Let the trace norm of $X$ be

$$\Vert X\Vert_1 := \operatorname{tr} \left(\,(X^\dagger X)^{1/2}\right)$$

and let the operator inequality $A \leq B$ denote that the operator $B-A$ is positive semidefinite.

If the quantum states (finite-dimensional Hermitian positive semidefinite matrices that have unit trace) $\rho$ and $\sigma$ are close to each other in the trace norm, $\Vert \rho - \sigma \Vert_1 \leq \epsilon$, for some small $\epsilon > 0$, does there exist a projector $\Pi$, such that

$$ \begin{aligned} \Pi \rho \Pi &\leq (1+g_1(\epsilon)) \sigma \\ \operatorname{tr} (\Pi \sigma) &\geq 1- g_2(\epsilon) \end{aligned} $$

for some small functions $g_1(\epsilon)$ and $g_2(\epsilon)$, i.e., both $g_1(\epsilon)$ and $g_2(\epsilon)$ tend to $0$ as $\epsilon \to 0$? Note $g_1$ and $g_2$ should be independent of the dimensions of the matrices. Some observations:

  1. This is true for classical states (matrices which commute) and also true when we also sandwich $\sigma$ in the operator inequality (proofs are here).

  2. It seems that this is also true for randomly selected matrices in small dimensions (program and description are here; the Jupyter notebook also contains some more observations).

So far, I have not been able to come up with a way which avoids having a projector on $\sigma$ as well. It seems that using the assumption $\Vert \sqrt{\rho}- \sqrt{\sigma} \Vert_2 \leq \epsilon$, which is equivalent (upto the exponent of $\epsilon$) to the original assumption, is far more easier, since there does not seem to be a lot of ways one can manipulate the trace norm. I have been trying to use a strengthened version of Gresgorin Theorem (Corollary 6.1.6 of Horn & Johnson's 2nd edition of Matrix Analysis) but no luck so far.

Any help or ideas are appreciated.

  • 1
    $\begingroup$ In convex algebraic geometry, the set of positive semidefinite matrices that have unit trace is called the spectraplex. $\endgroup$ Jun 29, 2023 at 6:23
  • $\begingroup$ @Noel : "It seems that this is also true for randomly selected matrices in small dimensions": Can you describe mathematically how you construct the projector? I cannot read your code. $\endgroup$ Jun 29, 2023 at 15:20
  • $\begingroup$ @IosifPinelis In the code, $\sigma$ is WLOG assumed to be diagonal, so I basically search over all possible diagonal projectors (projectors over all combinations of the eigenspace of $\sigma$) and see if they satisfy the conditions. This is done in a slightly more efficient manner $\endgroup$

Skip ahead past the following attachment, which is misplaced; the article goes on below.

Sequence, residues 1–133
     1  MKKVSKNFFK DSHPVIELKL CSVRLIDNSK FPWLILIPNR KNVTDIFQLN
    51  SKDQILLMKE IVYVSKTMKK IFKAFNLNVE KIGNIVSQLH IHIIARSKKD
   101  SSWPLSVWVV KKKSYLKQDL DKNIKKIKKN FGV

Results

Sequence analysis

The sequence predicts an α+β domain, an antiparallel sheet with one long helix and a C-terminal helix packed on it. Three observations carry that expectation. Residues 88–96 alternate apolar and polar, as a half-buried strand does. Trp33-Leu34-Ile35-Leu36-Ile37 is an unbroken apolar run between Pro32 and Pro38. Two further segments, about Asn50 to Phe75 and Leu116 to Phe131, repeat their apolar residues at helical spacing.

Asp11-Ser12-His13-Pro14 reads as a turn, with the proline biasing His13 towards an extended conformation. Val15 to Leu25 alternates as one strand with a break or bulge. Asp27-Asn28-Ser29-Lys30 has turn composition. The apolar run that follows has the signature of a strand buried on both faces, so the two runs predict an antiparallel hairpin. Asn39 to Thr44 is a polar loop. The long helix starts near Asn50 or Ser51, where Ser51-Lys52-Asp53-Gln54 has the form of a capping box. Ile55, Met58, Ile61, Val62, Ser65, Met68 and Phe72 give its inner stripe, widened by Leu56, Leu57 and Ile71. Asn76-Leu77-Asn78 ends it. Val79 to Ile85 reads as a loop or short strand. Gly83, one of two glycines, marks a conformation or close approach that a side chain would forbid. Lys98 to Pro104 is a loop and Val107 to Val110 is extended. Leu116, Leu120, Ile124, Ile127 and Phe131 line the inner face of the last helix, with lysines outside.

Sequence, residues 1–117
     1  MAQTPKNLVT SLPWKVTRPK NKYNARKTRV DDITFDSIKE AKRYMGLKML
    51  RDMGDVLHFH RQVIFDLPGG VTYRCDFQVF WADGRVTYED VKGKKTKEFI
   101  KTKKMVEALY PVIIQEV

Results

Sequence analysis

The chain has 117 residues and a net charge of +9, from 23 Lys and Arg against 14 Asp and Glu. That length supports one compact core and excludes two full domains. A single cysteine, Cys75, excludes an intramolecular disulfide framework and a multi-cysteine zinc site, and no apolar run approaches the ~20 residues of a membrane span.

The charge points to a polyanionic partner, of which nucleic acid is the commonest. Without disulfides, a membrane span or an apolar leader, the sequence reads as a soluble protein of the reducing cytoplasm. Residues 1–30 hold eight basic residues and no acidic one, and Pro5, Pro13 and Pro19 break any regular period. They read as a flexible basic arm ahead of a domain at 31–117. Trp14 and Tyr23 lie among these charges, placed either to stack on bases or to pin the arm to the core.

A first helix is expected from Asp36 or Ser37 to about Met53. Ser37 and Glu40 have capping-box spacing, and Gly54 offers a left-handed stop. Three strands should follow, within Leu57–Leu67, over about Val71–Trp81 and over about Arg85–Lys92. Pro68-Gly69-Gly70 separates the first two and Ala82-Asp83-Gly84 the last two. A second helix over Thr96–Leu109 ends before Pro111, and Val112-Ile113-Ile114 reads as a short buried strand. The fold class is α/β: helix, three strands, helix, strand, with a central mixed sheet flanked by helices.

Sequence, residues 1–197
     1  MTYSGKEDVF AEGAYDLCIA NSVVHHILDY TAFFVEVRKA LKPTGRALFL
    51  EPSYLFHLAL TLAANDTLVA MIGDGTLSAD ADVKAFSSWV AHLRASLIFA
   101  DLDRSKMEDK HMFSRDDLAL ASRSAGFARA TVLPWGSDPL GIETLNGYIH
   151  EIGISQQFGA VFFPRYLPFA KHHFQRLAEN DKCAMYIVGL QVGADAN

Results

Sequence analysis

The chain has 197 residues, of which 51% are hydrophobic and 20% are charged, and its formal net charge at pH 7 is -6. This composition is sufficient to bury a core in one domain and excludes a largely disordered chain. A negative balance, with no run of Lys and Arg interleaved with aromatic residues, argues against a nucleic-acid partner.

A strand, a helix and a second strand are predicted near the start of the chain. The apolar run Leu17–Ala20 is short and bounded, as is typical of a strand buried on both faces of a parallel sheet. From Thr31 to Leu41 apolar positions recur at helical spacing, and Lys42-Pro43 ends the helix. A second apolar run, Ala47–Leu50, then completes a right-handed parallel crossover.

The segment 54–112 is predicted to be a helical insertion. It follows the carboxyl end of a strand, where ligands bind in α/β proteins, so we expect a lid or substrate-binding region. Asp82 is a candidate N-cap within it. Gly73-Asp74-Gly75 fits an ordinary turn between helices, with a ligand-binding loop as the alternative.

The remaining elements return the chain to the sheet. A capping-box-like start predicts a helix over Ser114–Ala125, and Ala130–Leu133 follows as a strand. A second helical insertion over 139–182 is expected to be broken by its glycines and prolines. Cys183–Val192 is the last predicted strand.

– Noel
    Jun 29, 2023 at 15:50

2 Answers 2


Let $\sigma$ be represented by a PD matrix $A$ and $\rho$ by $A+B$. Note that $|B|\ge B$ (in the sense of PSD matrices) and has the same $1$-norm. Also $\Pi |B|\Pi\ge \Pi B \Pi$, so to dominate $\Pi B\Pi $ is always easier than to dominate $\Pi|B|\Pi$. Thus, we can replace $B$ by $|B|$ and assume that $B$ is PD as well, so its trace norm is just its trace.

Now let's take $a<1$ and consider the spectral decomposition of $H$ in which we unite all the eigenvalues of $A$ between $a^{k+1}$ and $a^k$, i.e., we write $H=\oplus H_k$ such that $H_k$ is an invariant subspace of $A$ and $a^{k+1}I\le A\le a^k I$ on $H_k$. Let $d_k$ be the dimension of $H_k$ and let $P_k$ be the projector to $H_k$.

Now we will construct our projector $\Pi$ as the sum of $\Pi_k P_k$ where $\Pi_k$ is a projection within $H_k$, i.e., if $H\ni x=\sum_k x_k$ is the orthogonal decomposition of $x$ with $x_k\in H_k$, we'll have $\Pi x=\sum_k \Pi_k x_k$. Notice that then $\Pi A\Pi\le a^{-1}A$ regardless of the choice of $\Pi_k$ and, if you think a bit, you will realize that this is essentially almost all you can do to ensure that inequality.

Now take a single $H_k$ and consider the operator $P_kBP_k$. Let its trace be $\mu_k$ so that $\sum_k\mu_k=\varepsilon$. Take $\lambda>0$ and remove from $H_k$ the eigenvectors of this operator with eigenvalues greater than $\lambda a^{k+1}$. The dimension of the removed space will be $\le \frac{\mu_k}{\lambda a^{k+1}}$.

On the remaining subspace $V_k\subset H_k$, we have $\langle Bx_k,x_k\rangle\le\lambda \langle Ax_k,x_k\rangle$. Let now $x=\sum_k x_k$, $x_k\in V_k$. Then, choosing some integer $K$, we can write $$ \langle Bx,x\rangle\le \sum_{k,m} |\langle Bx_k,x_m\rangle|= \\ \sum_k \langle Bx_k,x_k\rangle +2\sum_{k,m:k-K\le m\le k-1} |\langle Bx_k,x_m\rangle| \\ +2\sum_{k,m:m< k-K} |\langle Bx_k,x_m\rangle| \\ =\Sigma_1+\Sigma_2+\Sigma_3\,. $$ We have $\Sigma_1\le\lambda\langle Ax,x\rangle$. Also by Cauchy-Schwarz and the positive definiteness of $B$, we have $\Sigma_2\le 2K\Sigma_1$. Thus, the sum of the first two terms is at most $(2K+1)\lambda\langle Ax,x\rangle$. The question is, of course, what to do with $\Sigma_3$. And the answer is that we will just kill it entirely by further reducing $x_k$ to the intersection of the kernels of the corresponding $P_mB$ on $H_k$. Since $P_mB$ is an operator of rank $d_m$ at most, that will reduce the dimension of $V_k$ by at most $\sum_{m:m<k-K}d_m$.